When I was a preteen and teenager, there were plenty of ways I tried to hide or change who I was. Like lots of teenagers, I used things like clothes and music as a way to fit in, and I hid away parts of myself I didn’t like. But as I got older, I wanted to start breaking down those walls to let people love me for who I am, juvenile arthritis and all.
When I started being more honest about myself and my limits, I noticed fair-weather friends came and went. But by being honest, I had some beautiful friendships and relationships blossom, including one with Nick.
Nick always let me talk openly about my struggles and reassured me that even the parts I don’t like about myself are still deserving of love. He quickly became my best friend, then my boyfriend, and now my fiancé.
The struggle of feeling worthy
While people who live with JA can and do lead everyday lives, they need supportive people in their inner circle. So often, the world asks you to grin and bear the pain to keep the peace. There are lots of times you feel like you can’t ask for help or rest because you don’t look like you need it.
But it can be so easy to feel like you’re not worthy of that love when you have a chronic illness. Since my teen years, I’ve felt so much doubt in myself, especially when I’m in a JA flare. Having to say no to plans, dropping the ball, not meeting others’ expectations, and just generally living at a slower pace make me feel like I’m disappointing others. I and many others have lost many friends over these struggles, and I sometimes lose confidence in being able to be a good friend.
Rather than reaching out for help, those feelings made me want to hide away because I was ashamed. I hid away when I felt drained and like I couldn’t be there for others, and only came around once I felt better and could go on with life as usual.
A parent’s role
Feeling ashamed and unworthy is not a good way for anyone to live, and relationships should be about the give-and-take. Not only is it unhealthy to feel alone in your time of need, it’s also harmful to feel like the only time you can be around someone is when you can give them all of your support. Everyone needs to be able to love and be loved.
Parents, you are your child’s first line of support. Even as they get older and more independent, they’ll need your guidance.
Not only will you be their rock, but you’ll also be their role model for what to expect in healthy relationships. They’ll learn from you that someone who truly loves them is OK with helping out when they’re not feeling well, as long as they do their best to help when feeling well. And they’ll also learn that while some crankiness caused by pain can be tolerated, yelling or acting out cannot.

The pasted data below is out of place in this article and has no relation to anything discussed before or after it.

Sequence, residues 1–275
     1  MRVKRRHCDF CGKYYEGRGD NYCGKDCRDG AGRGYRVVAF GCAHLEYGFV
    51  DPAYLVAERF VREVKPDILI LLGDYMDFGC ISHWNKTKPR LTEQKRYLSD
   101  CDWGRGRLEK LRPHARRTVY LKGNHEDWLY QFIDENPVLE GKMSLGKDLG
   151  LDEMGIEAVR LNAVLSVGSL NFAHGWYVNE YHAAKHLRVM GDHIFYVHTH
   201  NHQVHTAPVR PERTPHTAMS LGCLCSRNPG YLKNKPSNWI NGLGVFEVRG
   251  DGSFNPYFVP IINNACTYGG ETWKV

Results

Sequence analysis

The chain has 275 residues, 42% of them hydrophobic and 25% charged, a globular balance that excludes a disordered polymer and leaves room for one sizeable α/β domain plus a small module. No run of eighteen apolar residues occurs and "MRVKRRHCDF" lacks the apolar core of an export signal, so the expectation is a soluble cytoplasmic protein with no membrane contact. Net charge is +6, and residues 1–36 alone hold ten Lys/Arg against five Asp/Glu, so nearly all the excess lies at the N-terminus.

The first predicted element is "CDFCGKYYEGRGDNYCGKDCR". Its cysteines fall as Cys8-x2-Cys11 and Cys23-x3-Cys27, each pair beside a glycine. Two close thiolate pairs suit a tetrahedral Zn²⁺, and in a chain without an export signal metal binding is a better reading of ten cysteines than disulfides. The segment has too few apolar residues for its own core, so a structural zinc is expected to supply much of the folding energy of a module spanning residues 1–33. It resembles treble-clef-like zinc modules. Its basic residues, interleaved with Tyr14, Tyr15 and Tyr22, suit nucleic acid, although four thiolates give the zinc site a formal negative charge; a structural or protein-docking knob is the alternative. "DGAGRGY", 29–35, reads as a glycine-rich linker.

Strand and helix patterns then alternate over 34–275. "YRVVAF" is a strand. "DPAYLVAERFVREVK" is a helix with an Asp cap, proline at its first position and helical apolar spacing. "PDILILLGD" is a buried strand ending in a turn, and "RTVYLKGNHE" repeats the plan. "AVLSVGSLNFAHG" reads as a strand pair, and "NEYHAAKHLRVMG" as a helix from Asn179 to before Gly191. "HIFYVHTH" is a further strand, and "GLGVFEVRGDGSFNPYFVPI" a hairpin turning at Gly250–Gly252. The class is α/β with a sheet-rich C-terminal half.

Learning about these healthy boundaries will help them in their relationships, now and in the future. They’ll know what to expect from a loving friend or partner and how to reciprocate. It can be challenging for someone with a chronic illness to find real friends, but having a good foundation can help them navigate and find the right people.
We worked through it
It would be a lie to say JA never complicated our relationship. My fiancé and I went through a lot of trial and error in learning how to support each other. It wasn’t always easy finding what worked or coping while we were both pouring from an empty cup. But we made it work because we were committed to each other, learned what we needed to do, and even set some boundaries, making our relationship not just loving, but rewarding, too.
And we couldn’t be happier.
Note: Juvenile Arthritis News is strictly a news and information website about the disease. It does not provide medical advice, diagnosis, or treatment. This content is not intended to be a substitute for professional medical advice, diagnosis, or treatment. Always seek the advice of your physician or other qualified health provider with any questions you may have regarding a medical condition. Never disregard professional medical advice or delay in seeking it because of something you have read on this website. The opinions expressed in this column are not those of Juvenile Arthritis News, or its parent company, BioNews, and are intended to spark discussion about issues pertaining to juvenile arthritis.
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